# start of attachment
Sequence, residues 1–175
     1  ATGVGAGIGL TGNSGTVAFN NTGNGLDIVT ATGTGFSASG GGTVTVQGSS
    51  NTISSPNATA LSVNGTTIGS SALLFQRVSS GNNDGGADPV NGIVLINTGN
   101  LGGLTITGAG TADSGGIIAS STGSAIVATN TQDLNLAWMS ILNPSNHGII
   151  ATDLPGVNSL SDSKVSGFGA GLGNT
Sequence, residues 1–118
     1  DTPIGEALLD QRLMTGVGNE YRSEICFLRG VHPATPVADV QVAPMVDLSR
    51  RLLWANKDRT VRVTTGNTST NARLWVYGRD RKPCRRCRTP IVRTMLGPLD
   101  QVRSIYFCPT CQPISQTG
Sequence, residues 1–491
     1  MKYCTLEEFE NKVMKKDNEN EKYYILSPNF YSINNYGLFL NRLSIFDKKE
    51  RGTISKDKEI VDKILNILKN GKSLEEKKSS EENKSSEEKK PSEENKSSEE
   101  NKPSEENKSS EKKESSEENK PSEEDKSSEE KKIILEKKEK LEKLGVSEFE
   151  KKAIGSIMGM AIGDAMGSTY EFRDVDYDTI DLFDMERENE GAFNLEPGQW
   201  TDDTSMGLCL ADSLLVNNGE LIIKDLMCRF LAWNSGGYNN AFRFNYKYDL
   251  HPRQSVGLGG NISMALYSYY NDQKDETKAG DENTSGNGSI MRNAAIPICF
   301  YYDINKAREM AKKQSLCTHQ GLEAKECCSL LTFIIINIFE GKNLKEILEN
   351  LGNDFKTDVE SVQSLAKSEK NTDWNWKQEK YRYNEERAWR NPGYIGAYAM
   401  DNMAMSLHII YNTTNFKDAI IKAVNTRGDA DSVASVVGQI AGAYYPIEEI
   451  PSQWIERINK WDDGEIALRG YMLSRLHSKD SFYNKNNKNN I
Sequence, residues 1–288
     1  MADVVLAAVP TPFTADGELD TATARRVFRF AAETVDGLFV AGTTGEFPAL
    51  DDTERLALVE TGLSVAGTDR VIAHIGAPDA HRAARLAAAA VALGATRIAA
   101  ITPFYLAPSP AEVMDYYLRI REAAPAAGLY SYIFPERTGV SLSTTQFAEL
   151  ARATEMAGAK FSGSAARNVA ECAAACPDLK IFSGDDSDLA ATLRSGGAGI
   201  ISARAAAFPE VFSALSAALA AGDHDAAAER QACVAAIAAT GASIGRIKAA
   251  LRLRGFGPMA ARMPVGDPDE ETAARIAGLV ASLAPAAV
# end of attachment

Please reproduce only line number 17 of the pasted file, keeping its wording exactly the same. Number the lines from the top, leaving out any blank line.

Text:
   301  YYDINKAREM AKKQSLCTHQ GLEAKECCSL LTFIIINIFE GKNLKEILEN